Free play an emotional and timely look at the immigrant experience

In the year before World War II broke out in earnest in Europe, the British government established a policy that allowed for 15,000 Jewish children to flee Nazi-controlled territory to find relative safety in U.K. foster homes, schools and other housing. This effort to evacuate these children was known as the Kindertransport (German for “children’s transport”), and it likely saved most of their lives; often, these children were the only survivors of their families.

Contributed by Rod Machen

British playwright Diane Samuels’ 1993 play “Kindertransport” examines this story of survival through the lens of Eva, a German girl who is taken in by a British foster mother named Lil. The play is an intense exploration of Eva’s experience integrating into her new family and life, as well as the aftermath of her experience as she attempts to live a normal life as an adult in England in the 1970s.

The story is deeply moving, but perhaps not in the way one might expect; the play focuses much more on Eva’s experience as an outsider in Britain rather than exploiting the emotional well of horror and sorrow that one often finds in works about the Holocaust.

A new production of “Kindertransport,” co-produced by Trinity Street Players and Austin Jewish Repertory Theater, could not be more timely. As a deep exploration of the immigrant experience, and the ways in which it is a heartbreaking test of the self rather than any sort of free ride, the play clearly holds contemporary relevance. However, the producers and director certainly couldn’t have known that the show would premiere the same week as migrant caravans, consisting largely of children seeking safety from government oppression, are all over the news.

As such, though “Kindertransport” is certainly emotional, the dominant feeling I came away with was rage at the fact that this is still such a pertinent story for 21st century America, whereas a production two years ago would have left me feeling sorrowful over Eva’s wrenching experience.

That experience is portrayed with nuance by Jessica Cohen and Taylor Flannigan, as Young Eva and Teen Eva, respectively. Each of them excels at portraying Eva’s internal conflicts as she adapts to British culture. Cohen, in particular, turns in a remarkable performance that combines youthful naïveté with an inner core of strength and sorrow as she confronts very adult concerns. Director Jim Lindsay excels at creating quiet, emotional scenes between Eva and her foster mother, Lil (played by Laurie Coker), as well as flashback scenes with her German mother, Helga (played by Laura Galt).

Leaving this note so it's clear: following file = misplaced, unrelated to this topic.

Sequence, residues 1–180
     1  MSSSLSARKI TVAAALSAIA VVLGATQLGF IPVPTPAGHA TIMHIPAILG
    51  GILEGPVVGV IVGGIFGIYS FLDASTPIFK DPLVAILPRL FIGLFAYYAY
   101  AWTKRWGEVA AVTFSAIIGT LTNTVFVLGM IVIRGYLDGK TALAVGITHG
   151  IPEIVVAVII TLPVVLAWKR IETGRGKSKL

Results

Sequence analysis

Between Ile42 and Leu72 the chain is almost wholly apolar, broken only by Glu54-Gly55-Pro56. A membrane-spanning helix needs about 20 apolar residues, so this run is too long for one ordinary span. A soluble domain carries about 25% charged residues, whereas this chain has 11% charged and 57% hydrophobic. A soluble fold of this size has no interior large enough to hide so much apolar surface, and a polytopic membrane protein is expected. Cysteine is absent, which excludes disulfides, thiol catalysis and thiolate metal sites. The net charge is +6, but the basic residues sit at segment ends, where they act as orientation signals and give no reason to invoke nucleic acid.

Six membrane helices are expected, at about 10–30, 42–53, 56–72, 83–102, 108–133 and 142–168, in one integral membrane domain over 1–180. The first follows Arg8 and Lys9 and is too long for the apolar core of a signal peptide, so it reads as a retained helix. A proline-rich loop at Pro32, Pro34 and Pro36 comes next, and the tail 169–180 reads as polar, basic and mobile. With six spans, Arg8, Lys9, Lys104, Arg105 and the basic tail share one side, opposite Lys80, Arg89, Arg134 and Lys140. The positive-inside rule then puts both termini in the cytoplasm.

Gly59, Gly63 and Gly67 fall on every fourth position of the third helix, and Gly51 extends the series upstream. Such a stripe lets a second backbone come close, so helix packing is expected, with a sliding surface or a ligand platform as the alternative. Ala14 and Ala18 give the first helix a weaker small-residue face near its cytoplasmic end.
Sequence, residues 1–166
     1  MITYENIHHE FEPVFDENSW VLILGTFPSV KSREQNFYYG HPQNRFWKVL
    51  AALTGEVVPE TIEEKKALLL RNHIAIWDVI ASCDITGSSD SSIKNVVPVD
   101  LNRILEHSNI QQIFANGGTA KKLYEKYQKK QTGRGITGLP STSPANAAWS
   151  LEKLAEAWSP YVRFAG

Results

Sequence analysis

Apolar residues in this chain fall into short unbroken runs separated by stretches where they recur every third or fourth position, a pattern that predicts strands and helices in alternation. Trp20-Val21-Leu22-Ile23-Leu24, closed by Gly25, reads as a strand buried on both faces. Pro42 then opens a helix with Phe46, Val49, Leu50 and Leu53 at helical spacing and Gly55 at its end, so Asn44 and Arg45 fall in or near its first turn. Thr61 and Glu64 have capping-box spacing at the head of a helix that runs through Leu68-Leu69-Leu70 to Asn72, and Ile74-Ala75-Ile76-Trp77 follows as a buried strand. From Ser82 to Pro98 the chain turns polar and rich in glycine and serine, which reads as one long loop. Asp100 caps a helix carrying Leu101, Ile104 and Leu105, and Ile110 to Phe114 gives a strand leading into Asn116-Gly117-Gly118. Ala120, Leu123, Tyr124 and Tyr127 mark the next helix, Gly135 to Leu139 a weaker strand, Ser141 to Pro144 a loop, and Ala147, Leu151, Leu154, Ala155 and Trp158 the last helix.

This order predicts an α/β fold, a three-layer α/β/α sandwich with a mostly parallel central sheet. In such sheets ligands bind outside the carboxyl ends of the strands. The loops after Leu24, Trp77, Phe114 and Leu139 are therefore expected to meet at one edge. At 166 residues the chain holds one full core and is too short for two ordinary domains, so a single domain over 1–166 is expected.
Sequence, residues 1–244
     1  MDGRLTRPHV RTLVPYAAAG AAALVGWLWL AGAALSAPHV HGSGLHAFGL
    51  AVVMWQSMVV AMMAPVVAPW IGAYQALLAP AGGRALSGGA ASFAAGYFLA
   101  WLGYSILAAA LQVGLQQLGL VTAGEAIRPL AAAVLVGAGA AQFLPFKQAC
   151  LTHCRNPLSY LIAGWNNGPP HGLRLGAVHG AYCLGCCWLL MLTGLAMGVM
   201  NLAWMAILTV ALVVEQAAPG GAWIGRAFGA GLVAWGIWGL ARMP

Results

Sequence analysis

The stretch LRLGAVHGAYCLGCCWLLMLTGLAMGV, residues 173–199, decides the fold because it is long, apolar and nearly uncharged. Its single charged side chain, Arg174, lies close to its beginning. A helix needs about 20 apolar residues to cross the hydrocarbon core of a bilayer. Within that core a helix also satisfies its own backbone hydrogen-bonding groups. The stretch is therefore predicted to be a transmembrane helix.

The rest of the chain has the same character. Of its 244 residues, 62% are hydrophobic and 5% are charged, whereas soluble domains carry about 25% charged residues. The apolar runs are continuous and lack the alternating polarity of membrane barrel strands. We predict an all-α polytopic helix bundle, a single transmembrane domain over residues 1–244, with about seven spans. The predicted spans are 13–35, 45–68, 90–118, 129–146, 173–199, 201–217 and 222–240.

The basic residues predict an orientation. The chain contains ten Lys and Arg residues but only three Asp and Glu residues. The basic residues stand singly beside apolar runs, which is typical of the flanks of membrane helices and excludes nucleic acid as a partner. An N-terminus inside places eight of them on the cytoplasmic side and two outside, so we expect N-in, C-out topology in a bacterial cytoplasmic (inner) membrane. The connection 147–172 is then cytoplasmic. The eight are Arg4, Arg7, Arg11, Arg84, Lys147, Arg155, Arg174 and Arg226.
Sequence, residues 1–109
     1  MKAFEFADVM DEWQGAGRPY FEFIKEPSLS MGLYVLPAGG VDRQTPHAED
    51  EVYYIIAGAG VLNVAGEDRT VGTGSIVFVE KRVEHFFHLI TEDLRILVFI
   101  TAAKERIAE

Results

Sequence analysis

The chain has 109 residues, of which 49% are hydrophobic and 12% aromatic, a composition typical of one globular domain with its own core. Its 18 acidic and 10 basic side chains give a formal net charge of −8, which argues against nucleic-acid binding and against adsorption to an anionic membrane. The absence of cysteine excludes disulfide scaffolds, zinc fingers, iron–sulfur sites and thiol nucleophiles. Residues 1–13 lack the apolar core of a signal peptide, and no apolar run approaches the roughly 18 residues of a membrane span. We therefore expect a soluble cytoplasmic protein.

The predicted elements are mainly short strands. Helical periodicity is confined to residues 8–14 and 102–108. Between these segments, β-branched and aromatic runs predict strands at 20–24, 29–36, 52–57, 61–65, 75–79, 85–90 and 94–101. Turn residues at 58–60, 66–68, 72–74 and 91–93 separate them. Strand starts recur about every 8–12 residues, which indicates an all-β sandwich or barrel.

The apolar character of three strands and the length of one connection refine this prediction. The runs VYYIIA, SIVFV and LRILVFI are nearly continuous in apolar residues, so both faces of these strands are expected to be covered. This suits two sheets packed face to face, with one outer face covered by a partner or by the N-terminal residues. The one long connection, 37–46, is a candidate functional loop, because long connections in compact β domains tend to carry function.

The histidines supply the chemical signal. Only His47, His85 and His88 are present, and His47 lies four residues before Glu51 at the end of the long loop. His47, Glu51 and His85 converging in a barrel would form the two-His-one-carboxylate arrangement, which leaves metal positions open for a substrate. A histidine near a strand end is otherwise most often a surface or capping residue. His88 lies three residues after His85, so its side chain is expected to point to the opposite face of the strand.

With its emotional content and painful relevance, “Kindertransport” is not an easy show to watch, but it is a necessary exploration of how events unfolded historically so that we can — hopefully — learn how to keep them from reoccurring.

When: 8 pm. Thursday and Saturday, 2 p.m. Sunday through April 29, with additional 8 p.m. show April 11 for Holocaust Remembrance Day. Holocaust Remembrance Day pre-show talks at 7:30 p.m. April 11-12.
Where: Trinity Street Players’ Black Box Theater, 901 Trinity St.
Cost: Free, but reserve tickets online

For now, Austin Opera opts to go without an artistic director

After firing Artistic Director Richard Buckley for alleged misconduct, Austin Opera has opted to go without a leader in that position for the 2018-2019 season.

ALSO SEE: Richard Buckley fired from Austin Opera.

Instead, General Director and CEO Annie Burridge has appointed Tim Myers, most recently artistic and music director of North Carolina Opera, as the Austin outfit’s artistic advisor.

Myers, who has overseen world premieres at top spots such as Houston Grand Opera, will also conduct in Austin the Pulitzer Prize-winning “Silent Night,” based on the 2005 film “Joyeux Noël,” which reimagines the famous Christmas Eve truce during World War I. Hometown hero Kevin Puts wrote the music.

The European Premiere of Kevin Puts’ ‘Silent Night’ at the Wexford Opera Festival. Contributed

SEE THE SEASON: How Austin Opera got its groove back.

Austin Opera has drafted two other conductors to lead the more traditional operas. Steven White, whose credits span the North American continent, will take over the baton for “La Traviata,” which concludes this season, and “Otello” next season. Peter Bay, music director for the Austin Symphony, comes to the rescue next season for “La Bohème.”

A fifth opera, “Soldier Songs,” by David T. Little, will mix video, rock, opera and theater to tell the stories of veterans of five wars as part of the nontraditional Opera ATX efforts, first tried at the Paramount Theatre.

“We are honored to have Timothy, Steven, and Peter contribute their extraordinary talent to our company,” says Burridge. “In the coming months we will share our plans to select our next permanent artistic leader, and we look forward to engaging our audience and musicians in that process.”

‘I and You’ puts a thoughtful and poetic spin on life as a teen

“I and this mystery, here we stand.”